Seymour students to learn about the danger of coward punches

Avoiding violence: Pat Cronin was 19 years old when he was killed by a coward punch in 2016.

Students in Seymour will learn about the dangers of ‘coward punches’ as part of an innovative anti-violence program being rolled out in more than 200 Victorian schools this year.

Melbourne-based charity the Pat Cronin Foundation is reaching tens of thousands of young people with its powerful Be Wise educational presentations, teaching them about the far-reaching impacts of social violence.

For the first time, Seymour College will be among schools participating in the program, with two presentations to about 300 Year 9 to 12 students on Monday, May 30.

The foundation was established following the death of 19-year-old Pat Cronin from a coward punch attack while on a night out in 2016 and aims to help young people avoid violence by making wise decisions.

“We’re looking forward to bringing the Be Wise program to Seymour, as schools here join others throughout the state embracing this important preventative initiative,” foundation director Matt Cronin, the father of Pat, said.

“We know that thousands of people are hospitalised each year in Australia due to assault. There are often many tragic lifelong consequences for the victims, as well as the perpetrators and families.

“By giving young people everywhere an understanding of Pat’s story, raising awareness of the impact of violence and offering practical tips and strategies to deal with anger and aggression, we hope to reduce those statistics.”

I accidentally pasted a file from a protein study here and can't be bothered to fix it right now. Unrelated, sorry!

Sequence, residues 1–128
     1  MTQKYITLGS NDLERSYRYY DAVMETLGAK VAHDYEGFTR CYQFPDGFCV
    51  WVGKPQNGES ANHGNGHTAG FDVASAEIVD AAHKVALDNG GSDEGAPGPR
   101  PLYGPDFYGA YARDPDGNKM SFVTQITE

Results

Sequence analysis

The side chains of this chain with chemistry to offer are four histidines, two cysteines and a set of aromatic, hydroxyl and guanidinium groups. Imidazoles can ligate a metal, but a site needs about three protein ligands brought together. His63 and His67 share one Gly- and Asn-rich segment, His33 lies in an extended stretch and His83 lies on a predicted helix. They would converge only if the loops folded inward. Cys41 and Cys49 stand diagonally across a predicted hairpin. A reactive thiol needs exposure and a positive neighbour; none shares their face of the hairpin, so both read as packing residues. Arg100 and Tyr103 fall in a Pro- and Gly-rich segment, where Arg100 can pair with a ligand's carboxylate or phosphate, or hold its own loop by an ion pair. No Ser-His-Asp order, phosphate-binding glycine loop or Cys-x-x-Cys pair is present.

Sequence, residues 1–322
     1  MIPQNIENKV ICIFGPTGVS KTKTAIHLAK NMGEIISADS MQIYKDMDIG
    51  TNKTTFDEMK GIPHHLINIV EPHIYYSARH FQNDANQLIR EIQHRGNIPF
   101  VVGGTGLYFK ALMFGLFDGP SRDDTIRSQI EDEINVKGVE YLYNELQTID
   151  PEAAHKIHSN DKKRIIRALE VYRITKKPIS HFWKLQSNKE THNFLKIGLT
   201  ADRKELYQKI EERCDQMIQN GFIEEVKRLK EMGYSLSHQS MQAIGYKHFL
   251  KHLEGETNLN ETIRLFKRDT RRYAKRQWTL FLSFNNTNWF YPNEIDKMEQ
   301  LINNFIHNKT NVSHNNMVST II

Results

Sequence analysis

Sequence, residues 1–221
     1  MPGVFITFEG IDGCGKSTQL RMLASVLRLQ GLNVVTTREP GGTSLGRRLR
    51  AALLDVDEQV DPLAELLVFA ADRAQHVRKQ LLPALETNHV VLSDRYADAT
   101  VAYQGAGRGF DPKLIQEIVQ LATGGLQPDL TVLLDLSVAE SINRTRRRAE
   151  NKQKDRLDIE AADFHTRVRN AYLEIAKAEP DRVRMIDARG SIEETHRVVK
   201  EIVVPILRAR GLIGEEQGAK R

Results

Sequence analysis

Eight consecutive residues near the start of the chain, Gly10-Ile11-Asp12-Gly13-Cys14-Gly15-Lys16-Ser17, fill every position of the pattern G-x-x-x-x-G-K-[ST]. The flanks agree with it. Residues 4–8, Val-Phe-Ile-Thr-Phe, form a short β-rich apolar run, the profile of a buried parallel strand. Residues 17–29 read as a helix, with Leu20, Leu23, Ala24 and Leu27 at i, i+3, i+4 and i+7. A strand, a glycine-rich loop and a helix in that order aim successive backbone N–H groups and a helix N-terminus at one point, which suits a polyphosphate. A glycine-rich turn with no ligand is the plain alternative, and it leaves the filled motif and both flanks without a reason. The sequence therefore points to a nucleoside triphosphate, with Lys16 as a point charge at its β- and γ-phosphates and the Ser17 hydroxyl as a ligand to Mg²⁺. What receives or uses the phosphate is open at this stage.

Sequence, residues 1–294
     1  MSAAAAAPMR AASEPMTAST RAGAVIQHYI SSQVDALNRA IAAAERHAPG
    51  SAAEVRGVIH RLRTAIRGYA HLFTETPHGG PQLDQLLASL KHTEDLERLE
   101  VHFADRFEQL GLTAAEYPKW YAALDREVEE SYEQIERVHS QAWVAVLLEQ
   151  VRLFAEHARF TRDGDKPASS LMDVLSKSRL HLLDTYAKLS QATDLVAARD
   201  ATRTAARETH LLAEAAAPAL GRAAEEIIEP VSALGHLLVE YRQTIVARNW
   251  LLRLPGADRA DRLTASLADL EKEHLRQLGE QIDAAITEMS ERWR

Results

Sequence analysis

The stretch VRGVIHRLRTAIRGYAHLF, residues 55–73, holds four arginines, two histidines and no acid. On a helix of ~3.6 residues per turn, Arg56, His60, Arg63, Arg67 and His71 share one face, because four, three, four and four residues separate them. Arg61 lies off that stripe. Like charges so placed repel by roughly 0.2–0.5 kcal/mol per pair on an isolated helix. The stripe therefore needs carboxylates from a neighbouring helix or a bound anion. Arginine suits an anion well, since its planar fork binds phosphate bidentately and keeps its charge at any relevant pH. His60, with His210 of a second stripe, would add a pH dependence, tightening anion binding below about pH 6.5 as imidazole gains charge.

Seymour College school nurse Meaghan Thompson is co-ordinating the visit for the school.

“I’ve been told by a colleague that the presentations are very valuable for students at an age where typically they’re vulnerable to risk-taking behaviours,” she said.

“We’re hoping the presentation can give students strategies to eliminate behaviours that might escalate to violence.

“The message that I see from this, is that one poor decision made in a split moment as a young person shouldn’t define the rest of your life. We’re hoping to give them the tools to prevent that from happening.”

Miss Thompson said the presentation would complement the learnings of students undertaking the school’s Respectful Relationships curriculum.

In addition to Victorian Government funding for the second year in a row, the foundation is sponsored by the Barry Plant Real Estate Group and Le Pine Funerals.

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